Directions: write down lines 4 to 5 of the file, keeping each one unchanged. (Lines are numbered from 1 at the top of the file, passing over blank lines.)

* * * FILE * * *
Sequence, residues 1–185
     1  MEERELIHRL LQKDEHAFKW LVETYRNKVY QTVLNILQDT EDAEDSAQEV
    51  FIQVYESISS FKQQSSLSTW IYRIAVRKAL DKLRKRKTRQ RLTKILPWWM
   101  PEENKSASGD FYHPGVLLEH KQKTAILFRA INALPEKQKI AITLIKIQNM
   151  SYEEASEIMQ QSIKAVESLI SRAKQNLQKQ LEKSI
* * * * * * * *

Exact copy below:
   101  PEENKSASGD FYHPGVLLEH KQKTAILFRA INALPEKQKI AITLIKIQNM
   151  SYEEASEIMQ QSIKAVESLI SRAKQNLQKQ LEKSI